That did two things, one good, one bad. It removed all the extraneous characters, but now I had all these words with lots of empty lines between them. Imagine: for an entry like 3-methyl-2-cyclohexene-1-ol, the macro would find the hyphens and continue the entry on the next line. It would find the numbers and continue the entry on the next line, too. So between methyl and cyclohexene there were three empty lines. I ended the macro with a final series of Find…Replace operations. Every time it found multiple Paragraph Mark in a row (that is, whenever there was more than one line between entries) it would replace it with a single Paragraph Mark. This truncated the list and removed all the extra lines between words.
When Word was finished extracting just the useful identifiers from a small piece, I piped the list over to Excel. I used the same two Sort and Remove Duplicate functions and my list would slowly turn from 1.3 million long and complex entries into a smaller list of single entries.
Thanks to this amazing automation, I sifted the 1.3 million identifiers in five days. I couldn’t do all 1.3 million at once, I had to do it in pieces. But 1.3 million entries like “(4aS,8aS)-2-[3-((R)-5-benzyl-3-cyclohex-2-enyl-2-oxo-pyrrolidin-1-yl)-2-hydroxypropyl]-decahydro-isoquinoline-3-carboxylic acid tert-butylamide” were turned into a list of more than 100,000 unique fragments, after the duplicates were removed.
One other cool tech note that deserves mention. I had this list of >100,000 entries. Littered throughout this list were words that were already in the first dictionary or the built-in dictionary. I wanted to sort those out to save some work in the next section. But it wasn’t going to be as trivial as it was when I removed correctly-spelled words from the glossary list. I wanted a macro to go cell by cell and determine if the word is correctly spelled or not. If it was, I wanted it to return a “true” value in the cell next to it, and a “false” if it wasn’t in a dictionary already. I didn’t know how to do that, and unfortunately neither did my dad. But we brainstormed for a while and found a macro someone else had written to do exactly what I needed done. I applied it to my list then sorted the second column alphabetically. This clumped all the words already in a dictionary together, and I was able to delete them as one unit. **End of TechTalk. (I promise)**
Next, I needed to individually read through the remaining >100,000 entries to remove obvious mistakes, foreign words, nonsense entries, etc. That was the hard part. Wow, it was tedious. No macro for this one… On a good day, I could get through about 5,000 entries. Most days were not good days. It took the better part of 10 months to finally look at each and every one of the more than 100,000 entries and decide if it should stay or go. In the end, around 20,000 were manually deleted from that list.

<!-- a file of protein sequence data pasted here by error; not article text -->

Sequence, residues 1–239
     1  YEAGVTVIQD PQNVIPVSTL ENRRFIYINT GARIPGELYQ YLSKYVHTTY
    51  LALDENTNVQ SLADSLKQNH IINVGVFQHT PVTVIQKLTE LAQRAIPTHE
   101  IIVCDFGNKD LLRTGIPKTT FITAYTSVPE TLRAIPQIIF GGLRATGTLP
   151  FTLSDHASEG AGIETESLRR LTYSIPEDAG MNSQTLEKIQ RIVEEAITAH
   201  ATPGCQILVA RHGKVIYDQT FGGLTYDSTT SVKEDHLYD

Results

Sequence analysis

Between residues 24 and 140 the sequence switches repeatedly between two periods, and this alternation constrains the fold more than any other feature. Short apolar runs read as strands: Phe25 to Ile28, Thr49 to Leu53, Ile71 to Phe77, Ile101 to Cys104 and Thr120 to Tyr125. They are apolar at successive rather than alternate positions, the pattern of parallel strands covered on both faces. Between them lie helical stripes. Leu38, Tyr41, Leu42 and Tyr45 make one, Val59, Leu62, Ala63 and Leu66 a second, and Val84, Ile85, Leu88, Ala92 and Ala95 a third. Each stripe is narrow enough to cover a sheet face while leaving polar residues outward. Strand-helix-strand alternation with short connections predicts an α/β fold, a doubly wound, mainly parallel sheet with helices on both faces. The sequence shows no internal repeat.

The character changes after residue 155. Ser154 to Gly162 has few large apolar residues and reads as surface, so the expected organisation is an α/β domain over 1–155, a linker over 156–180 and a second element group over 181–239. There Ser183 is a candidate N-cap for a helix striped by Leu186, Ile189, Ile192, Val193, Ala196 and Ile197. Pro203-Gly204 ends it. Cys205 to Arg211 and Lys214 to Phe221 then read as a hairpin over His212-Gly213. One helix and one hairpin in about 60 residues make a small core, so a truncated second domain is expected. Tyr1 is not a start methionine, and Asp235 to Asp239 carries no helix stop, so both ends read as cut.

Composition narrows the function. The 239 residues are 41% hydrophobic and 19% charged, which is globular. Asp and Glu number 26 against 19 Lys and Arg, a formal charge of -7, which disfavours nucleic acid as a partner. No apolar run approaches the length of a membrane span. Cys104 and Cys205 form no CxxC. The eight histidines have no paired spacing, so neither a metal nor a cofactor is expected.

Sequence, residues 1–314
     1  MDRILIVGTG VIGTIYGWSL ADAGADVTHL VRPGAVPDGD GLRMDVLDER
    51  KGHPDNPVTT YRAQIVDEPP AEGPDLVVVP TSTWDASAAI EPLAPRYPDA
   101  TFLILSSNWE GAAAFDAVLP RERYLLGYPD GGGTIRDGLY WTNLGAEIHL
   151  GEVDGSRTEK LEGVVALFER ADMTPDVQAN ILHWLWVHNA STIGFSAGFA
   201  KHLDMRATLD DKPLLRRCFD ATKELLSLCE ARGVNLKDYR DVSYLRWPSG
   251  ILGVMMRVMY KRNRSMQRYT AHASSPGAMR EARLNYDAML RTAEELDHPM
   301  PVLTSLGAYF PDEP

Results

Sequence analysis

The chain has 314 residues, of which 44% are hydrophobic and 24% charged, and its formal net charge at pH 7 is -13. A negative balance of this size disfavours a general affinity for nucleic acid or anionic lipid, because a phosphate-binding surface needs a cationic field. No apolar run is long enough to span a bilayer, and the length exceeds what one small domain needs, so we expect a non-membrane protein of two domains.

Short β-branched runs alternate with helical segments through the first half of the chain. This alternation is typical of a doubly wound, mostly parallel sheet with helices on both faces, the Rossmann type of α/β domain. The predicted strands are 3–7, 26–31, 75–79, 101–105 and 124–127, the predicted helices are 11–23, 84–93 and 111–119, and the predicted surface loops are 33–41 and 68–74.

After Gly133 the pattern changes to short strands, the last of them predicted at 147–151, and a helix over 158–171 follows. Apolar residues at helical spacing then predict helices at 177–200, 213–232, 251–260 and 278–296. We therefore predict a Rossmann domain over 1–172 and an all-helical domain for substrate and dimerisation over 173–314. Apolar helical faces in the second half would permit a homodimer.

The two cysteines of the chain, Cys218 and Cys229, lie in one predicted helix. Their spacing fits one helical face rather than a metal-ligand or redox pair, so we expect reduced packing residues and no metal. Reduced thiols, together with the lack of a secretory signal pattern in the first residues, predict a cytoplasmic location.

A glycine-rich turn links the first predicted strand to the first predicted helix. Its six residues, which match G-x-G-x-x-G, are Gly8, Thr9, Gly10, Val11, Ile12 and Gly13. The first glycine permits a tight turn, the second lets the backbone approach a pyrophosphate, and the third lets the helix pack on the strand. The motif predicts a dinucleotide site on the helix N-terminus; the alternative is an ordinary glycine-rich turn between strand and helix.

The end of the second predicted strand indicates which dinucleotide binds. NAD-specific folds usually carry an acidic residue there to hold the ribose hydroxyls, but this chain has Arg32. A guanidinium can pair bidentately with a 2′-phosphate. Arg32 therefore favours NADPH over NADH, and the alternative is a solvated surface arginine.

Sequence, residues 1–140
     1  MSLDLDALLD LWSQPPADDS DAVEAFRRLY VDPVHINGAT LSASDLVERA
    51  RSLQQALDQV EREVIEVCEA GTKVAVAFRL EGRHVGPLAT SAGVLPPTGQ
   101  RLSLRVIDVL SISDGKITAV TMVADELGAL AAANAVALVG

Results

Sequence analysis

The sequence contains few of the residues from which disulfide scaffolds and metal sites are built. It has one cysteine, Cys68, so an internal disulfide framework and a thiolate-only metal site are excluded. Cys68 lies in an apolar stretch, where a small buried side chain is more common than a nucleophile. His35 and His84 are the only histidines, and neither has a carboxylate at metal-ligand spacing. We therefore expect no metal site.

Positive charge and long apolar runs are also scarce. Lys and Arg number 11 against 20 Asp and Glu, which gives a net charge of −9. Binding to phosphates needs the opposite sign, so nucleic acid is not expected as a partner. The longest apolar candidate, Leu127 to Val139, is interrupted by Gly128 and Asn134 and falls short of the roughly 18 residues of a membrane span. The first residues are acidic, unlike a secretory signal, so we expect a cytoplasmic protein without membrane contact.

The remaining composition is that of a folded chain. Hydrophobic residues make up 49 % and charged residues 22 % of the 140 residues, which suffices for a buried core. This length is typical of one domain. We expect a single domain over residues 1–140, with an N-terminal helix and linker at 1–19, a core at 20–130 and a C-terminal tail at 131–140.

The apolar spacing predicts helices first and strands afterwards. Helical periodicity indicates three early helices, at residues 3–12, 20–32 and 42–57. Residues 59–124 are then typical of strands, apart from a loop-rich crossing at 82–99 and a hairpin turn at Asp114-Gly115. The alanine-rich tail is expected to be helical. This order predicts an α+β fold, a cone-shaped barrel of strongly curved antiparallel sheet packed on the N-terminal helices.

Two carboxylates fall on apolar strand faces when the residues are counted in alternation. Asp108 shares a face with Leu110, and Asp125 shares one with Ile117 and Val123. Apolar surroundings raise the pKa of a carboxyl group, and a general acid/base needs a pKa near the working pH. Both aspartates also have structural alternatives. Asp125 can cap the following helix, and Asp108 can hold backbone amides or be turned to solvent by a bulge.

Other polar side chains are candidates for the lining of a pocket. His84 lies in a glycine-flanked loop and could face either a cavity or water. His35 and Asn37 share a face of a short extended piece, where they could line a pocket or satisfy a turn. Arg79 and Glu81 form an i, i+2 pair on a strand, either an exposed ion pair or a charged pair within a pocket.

To finish up, I needed to combine the old and new lists. I also added a small, non-exhaustive list of American and European chemists’ names to the mix for fun. To test my dictionary, I copied the html versions of the recent JACS, JOC, and Org Lett ASAPs into Word and turned the dictionary on. Any words that were still showing up as misspelled, I reviewed and added to the dictionary. (Download the dictionary here)
One of the biggest things I noticed during this vetting was the use of plurals in scientific writing. Cyclopentenone is an actual compound and is in the dictionary. If your research requires you to make a family of cyclopentenones, then the plural was probably not in the dictionary (it is now, though). Although, that raises an interesting question: can you pluralize compounds like that? Or is it more correct to say that a library of cyclopentenone derivatives was made? Same thing with families of natural products. Are they members of the brevetoxins? Or are they more correctly members of the brevetoxin family of natural products? I’m not sure I know the answer to that one. One thing I do know is that I did not include plurals of elements. Your 13C NMR doesn’t tell you that you have 2 carbonyl carbons. It tells you that you have 2 carbonyl carbon atoms.
For fun, I thought I’d leave you with some simple analysis I did on the final list of words (again, with the help of awesome Excel formula operations). I’ve also included a before and after picture to show the utility of the dictionary.
• After being combined with the previous list (as well as a list of common reagents and chemists), the list is 104,502 entries long.
• The longest entry is 56 letters long (acetyltyrosylseryltyrosylphenylalanylprolylserylvalinate)
• The longest non-protein entry is 50 letters long (methylsulfinylphenyloxooxazolidinylmethylacetamide)
• 14,109 entries start with the letter ‘d’. Second place is ‘p’ with 9,971. Last place is ‘j’ with 73.
• My favorite entry is tetraazaadamantane because it contains the string ‘aazaa’, which is not a mistake or misspelling.
• The final list is 430 pages in Microsoft Word, one entry per line.
For the Before and After pictures, I copied the html versions of the ASAPs from an ACS journal into Word and took a screencap with and without the dictionary active. Notice how the After picture makes it clear that the technical were spelled correctly, but processes was NOT! What’s even more startling is that the typo makes it all the way to the published PDF version of the ASAP. Anyone at ACS reading this? This would make a great last-minute Christmas present for your favorite ACS copy editor. I noticed these kinds of actual typos happening an uncomfortable number of times.